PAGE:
Was Holocaust Survivor Viktor Frankl Gassed at Auschwitz?

A recent article has revealed that Viktor Frankl, the famous psychiatrist and emblematic Auschwitz survivor, greatly embroidered on his meager time at Auschwitz. This news casts a shadow over the veracity of Frankl's famous memoir, Man's Search for Meaning. Of even more interest, however, is a question that arises when considering the Auschwitz State Museum's records regarding Frankl's time at Birkenau: Was Viktor Frankl gassed at Auschwitz?

Few men who emerged from the camps can match the late Viktor Frankl for acclaim. A psychiatrist from Vienna who died in 1997, Frankl gained international renown for the theories of mental health he expounded through his psychiatric school, logotherapy. Inextricably bound up with Frankl's fame, teachings, and moral authority was his experience of the German concentration camps, above all Auschwitz, as described in Man's Search for Meaning (U.S., 1959) a worldwide bestseller that has been ranked as one of the ten most influential books of the twentieth century by the Library of Congress.

In his reminiscence, Frankl recounted his stay at Auschwitz as if it had lasted an eternity. Now comes Timothy Pytell, adjunct professor of history at the Cooper Union in New York City, to inform us that, based on his research for an intellectual biography of Frankl, the celebrated survivor spent at most three days at Auschwitz, while in transit from Theresienstadt in Bohemia to a subcamp of Dachau in October 1944. As Pytell observes, a reader of Man's Search for Meaning would "be stunned to discover that Frankl spent only a few days in Auschwitz." In the book, Frankl devotes some thirty pages to Auschwitz. Besides recording his experiences on arrival (shaving, showering, delousing, etc.), Frankl makes observations about the lot of inmates there that strongly imply that, at the very least, he spent months, not days, at the camp. ("We had to wear the same shirts for half a year, until they had lost all appearance of being shirts.") As Pytell writes of Frankl's depiction of his stay at Auschwitz: "But if truth be told, Frankl's rendition is contradictory and profoundly deceptive."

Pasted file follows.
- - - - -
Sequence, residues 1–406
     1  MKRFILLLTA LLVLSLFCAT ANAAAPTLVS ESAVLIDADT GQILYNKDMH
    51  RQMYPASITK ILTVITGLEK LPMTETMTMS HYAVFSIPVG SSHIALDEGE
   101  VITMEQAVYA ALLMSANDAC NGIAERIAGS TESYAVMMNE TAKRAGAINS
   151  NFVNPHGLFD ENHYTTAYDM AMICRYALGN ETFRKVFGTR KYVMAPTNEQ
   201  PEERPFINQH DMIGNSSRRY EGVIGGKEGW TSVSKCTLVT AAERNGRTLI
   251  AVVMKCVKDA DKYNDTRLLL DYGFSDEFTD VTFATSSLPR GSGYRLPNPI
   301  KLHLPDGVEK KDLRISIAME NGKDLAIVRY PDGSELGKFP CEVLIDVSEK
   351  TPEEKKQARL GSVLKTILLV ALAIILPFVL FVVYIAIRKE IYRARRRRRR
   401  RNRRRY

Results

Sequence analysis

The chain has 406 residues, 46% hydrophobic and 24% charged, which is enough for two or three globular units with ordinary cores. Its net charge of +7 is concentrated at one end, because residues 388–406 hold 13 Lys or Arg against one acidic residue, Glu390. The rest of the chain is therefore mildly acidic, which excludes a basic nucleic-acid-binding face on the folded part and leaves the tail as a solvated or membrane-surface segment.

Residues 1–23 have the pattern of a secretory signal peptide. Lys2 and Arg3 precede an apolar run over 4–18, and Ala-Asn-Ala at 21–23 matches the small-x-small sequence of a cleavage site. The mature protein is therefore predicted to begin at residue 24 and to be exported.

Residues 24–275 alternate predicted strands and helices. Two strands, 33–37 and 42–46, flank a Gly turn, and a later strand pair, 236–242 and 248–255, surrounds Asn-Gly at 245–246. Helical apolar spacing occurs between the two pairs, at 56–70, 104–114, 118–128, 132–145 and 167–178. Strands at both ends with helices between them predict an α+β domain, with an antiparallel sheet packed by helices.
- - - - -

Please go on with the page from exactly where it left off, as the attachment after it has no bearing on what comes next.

Pytell notes that Frankl was transferred from Theresienstadt on October 19, 1944, on a train that carried 1500 persons to Auschwitz, and that the prisoner's log of the Dachau sub-camp Kaufering III records Frankl's arrival on October 25, 1944. Indeed, Frankl himself told the American evangelist Robert Schuller, in an interview published in Schuller's magazine Possibilities (March-April 1991): "I was in Auschwitz only three or four days ... I was sent to a barrack and we were all transported to a camp in Bavaria." Thus the credibility of yet another star survivor has been tested and found wanting. Like the testimony of Miklos Nyiszli, Filip Müller, Rudolf Vrba, Mel Mermelstein, and a host of other eyewitness oracles, Viktor Frankl's Auschwitz stories are now an embarrassment to the Holocaust industry, rather than an indictment of the Germans.